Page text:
When the temperature rises, when the sun beats down on city streets, people get grouchy. Children whine. Parents yell. Teachers lose patience. Workers stuck in sweltering shops make mistakes. Car drivers honk horns as they swerve in and out of traffic lanes.
The longer it stays hot, the worse things get. Frustrations normally held in check surface. Old hatreds blossom. Minor complaints become major sources of ire.
Environmental problems make matters worse. Fires erupt that, if the wind is blowing, sweep across the landscape, burning houses, schools and businesses. People die, not just because of wildfires, but also because of heat exhaustion.
Crops can’t grow or are burned so badly that the fruit is destroyed. The aquifer, which supplies water to roots, dries up. Plants die. Yards turn brown.
When the lows and highs intersect, tornadoes are born. The high number of fans running taxes the electrical grid. Rolling power cutoffs cause food to spoil. Machines that keep people alive falter.
So many things happen that make life miserable that it’s sometimes hard to find a single positive about rising temperatures.
Ask a kid, however, and you might learn a thing or two.
Sometimes fire hydrants are opened and kids run gleefully through the spray. Backyard swimming pools are blown up. Perhaps it’s only enough water to sit in, but the magic works anyway.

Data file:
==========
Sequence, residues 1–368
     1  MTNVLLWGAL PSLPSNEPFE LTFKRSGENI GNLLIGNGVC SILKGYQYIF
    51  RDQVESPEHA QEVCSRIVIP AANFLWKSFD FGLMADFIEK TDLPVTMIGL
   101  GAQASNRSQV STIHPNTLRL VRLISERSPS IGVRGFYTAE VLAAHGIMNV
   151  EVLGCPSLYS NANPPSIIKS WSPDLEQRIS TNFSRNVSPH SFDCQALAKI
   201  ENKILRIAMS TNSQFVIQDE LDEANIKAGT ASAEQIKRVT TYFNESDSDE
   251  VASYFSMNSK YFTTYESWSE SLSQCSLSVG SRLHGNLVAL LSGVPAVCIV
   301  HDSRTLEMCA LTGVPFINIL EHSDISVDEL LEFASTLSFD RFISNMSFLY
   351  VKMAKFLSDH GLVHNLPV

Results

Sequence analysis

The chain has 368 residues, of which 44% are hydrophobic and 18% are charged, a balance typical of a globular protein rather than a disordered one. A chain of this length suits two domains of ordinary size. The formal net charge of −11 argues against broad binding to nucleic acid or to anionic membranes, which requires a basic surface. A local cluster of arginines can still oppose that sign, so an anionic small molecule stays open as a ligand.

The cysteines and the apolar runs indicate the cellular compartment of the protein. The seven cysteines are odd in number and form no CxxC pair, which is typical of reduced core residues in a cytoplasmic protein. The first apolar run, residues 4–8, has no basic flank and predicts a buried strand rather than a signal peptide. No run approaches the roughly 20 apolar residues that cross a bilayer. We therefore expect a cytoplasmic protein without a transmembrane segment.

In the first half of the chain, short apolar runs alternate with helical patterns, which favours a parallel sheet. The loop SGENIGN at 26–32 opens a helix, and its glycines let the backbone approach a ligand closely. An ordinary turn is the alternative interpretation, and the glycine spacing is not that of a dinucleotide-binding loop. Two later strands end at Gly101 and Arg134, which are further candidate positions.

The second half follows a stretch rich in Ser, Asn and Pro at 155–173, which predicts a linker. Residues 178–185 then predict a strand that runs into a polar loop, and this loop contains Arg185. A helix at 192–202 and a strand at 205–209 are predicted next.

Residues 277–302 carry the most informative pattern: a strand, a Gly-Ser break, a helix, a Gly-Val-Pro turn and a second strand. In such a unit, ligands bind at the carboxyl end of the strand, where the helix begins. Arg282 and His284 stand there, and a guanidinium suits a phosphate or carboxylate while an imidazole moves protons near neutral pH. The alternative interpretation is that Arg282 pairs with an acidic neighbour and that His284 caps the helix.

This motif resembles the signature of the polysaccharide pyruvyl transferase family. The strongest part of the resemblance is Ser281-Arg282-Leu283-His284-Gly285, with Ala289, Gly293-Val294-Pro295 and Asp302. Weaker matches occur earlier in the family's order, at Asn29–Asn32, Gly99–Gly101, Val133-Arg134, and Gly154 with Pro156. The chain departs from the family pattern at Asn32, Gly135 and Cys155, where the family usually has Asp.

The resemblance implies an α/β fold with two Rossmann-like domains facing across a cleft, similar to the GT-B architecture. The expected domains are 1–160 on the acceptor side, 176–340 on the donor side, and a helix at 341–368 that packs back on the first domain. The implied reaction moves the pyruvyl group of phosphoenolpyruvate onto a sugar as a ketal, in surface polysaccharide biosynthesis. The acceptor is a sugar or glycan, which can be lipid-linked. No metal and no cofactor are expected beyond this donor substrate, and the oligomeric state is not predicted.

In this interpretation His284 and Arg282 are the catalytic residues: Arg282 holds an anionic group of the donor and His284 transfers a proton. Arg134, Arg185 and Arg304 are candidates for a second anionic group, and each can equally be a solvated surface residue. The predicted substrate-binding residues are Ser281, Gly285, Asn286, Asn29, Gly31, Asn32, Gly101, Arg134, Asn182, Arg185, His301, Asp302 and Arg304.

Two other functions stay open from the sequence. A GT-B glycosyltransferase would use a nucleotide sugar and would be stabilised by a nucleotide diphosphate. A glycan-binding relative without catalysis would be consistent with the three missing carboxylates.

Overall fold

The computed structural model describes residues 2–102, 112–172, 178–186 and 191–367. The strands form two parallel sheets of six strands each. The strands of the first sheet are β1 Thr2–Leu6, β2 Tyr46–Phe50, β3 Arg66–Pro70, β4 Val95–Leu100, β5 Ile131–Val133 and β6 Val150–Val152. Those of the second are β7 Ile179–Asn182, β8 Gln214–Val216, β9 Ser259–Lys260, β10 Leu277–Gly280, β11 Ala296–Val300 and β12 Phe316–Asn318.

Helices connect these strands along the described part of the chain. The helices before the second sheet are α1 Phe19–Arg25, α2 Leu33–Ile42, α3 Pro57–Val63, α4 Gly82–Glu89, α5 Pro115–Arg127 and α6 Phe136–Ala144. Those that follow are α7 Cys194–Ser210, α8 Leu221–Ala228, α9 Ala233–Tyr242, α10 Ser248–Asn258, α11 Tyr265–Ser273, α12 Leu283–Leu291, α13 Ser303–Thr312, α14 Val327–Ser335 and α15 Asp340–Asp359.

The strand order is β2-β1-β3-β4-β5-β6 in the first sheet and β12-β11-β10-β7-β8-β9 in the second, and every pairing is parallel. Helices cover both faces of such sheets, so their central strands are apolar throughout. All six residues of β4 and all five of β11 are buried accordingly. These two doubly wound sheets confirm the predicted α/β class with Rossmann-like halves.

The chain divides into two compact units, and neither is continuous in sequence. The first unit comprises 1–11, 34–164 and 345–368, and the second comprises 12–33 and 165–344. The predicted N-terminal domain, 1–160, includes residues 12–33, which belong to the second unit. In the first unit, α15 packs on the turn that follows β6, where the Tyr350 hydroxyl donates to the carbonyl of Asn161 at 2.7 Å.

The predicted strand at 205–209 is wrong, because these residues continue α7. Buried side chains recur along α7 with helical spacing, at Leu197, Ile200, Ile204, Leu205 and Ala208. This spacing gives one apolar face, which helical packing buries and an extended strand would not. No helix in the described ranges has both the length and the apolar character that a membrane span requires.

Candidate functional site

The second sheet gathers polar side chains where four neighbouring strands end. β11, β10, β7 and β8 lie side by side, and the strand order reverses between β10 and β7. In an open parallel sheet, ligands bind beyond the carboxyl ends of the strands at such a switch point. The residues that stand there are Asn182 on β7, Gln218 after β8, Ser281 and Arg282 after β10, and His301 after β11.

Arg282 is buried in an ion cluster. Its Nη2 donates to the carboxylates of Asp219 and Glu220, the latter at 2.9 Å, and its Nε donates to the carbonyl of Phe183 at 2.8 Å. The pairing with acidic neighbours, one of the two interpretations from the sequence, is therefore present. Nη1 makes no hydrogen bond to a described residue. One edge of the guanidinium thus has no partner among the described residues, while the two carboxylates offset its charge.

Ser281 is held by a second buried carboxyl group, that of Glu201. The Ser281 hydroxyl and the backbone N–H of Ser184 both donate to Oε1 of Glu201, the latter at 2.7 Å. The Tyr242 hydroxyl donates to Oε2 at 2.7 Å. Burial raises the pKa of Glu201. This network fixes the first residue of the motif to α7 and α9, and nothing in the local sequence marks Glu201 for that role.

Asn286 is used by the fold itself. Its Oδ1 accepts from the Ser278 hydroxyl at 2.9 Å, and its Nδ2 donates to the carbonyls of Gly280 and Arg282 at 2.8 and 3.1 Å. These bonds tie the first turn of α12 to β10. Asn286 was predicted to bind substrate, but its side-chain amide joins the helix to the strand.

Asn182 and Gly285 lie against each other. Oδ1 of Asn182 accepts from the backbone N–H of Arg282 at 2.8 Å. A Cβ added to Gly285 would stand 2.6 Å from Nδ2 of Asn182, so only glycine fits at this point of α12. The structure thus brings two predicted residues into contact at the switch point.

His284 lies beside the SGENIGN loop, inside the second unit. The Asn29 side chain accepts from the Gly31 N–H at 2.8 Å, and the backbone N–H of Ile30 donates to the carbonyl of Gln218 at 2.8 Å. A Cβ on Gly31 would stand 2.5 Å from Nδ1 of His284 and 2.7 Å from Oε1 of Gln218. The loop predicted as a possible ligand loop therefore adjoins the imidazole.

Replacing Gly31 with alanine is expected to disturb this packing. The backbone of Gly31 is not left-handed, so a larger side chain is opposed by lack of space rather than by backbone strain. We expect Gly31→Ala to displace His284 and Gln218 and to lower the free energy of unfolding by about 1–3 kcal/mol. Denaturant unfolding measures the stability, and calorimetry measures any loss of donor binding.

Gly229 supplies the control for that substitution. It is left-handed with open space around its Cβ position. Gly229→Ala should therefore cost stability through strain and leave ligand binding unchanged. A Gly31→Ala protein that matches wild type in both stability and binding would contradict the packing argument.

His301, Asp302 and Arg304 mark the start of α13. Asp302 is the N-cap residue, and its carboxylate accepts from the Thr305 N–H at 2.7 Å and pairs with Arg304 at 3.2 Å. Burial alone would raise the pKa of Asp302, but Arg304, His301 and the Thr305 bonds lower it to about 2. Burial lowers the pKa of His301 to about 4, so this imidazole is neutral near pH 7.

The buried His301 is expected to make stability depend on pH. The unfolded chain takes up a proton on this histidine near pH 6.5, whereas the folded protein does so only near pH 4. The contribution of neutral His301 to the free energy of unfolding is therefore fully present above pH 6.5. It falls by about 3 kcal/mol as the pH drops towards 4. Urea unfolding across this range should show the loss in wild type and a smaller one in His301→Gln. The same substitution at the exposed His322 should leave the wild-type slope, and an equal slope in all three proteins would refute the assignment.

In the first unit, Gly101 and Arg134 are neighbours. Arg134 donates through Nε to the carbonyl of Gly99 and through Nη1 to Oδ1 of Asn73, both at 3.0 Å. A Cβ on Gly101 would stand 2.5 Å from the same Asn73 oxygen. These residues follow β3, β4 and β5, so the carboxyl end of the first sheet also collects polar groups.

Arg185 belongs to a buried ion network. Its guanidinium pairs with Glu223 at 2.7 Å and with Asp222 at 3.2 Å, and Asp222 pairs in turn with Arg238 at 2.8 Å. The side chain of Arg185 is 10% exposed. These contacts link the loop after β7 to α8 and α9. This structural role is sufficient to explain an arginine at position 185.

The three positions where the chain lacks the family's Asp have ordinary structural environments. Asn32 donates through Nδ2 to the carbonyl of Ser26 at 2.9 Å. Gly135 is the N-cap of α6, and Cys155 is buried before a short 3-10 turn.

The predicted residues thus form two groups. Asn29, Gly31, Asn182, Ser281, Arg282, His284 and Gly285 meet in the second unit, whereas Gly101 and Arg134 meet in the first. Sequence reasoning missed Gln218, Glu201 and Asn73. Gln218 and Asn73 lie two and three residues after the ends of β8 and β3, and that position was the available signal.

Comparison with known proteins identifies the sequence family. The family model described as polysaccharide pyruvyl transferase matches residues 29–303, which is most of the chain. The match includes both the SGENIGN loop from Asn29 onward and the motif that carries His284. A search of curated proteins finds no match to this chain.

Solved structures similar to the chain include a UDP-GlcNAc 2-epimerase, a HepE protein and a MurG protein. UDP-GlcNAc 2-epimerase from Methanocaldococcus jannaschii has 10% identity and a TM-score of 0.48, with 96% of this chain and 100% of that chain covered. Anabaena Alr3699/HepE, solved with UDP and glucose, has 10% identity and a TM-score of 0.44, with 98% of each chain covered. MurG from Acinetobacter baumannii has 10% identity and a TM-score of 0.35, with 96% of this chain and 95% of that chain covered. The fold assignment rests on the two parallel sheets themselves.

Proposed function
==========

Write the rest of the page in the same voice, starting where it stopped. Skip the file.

Footballs are put away: baseballs come out. Outings to the beach or lake or river are planned. School is over for nearly three months. Television becomes a major source of entertainment. Kid-friendly movies proliferate.
Cold drinks and frozen treats lift spirits. Water guns and filled balloons cause much running around and shrieking.
Kids get to stay out well past dark. If they live where there are lightning bugs, they might catch one so as to hold the tiny on and off of light in their hands.
Badminton and croquet sets come out. Volleyball, too.
There seems to be so much more to do when it is warm than in the frost of winter.
Just like any season, summer has its plusses and minuses. How you think about it makes the difference.
You can bemoan the heat or step outside and watch the kids zip around, smiles on their faces.
The heat can make us miserable, but it doesn’t have to. It’s just one more thing that nature gives us to deal with as best we can.